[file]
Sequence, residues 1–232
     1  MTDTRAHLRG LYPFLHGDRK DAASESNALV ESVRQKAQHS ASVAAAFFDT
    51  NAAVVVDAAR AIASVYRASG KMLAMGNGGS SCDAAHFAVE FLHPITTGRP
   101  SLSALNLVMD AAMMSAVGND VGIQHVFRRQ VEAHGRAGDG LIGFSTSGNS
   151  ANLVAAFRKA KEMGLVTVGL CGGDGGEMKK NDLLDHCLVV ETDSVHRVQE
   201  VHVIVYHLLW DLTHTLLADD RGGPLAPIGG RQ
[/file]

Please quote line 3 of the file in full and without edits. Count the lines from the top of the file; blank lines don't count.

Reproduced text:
    51  NAAVVVDAAR AIASVYRASG KMLAMGNGGS SCDAAHFAVE FLHPITTGRP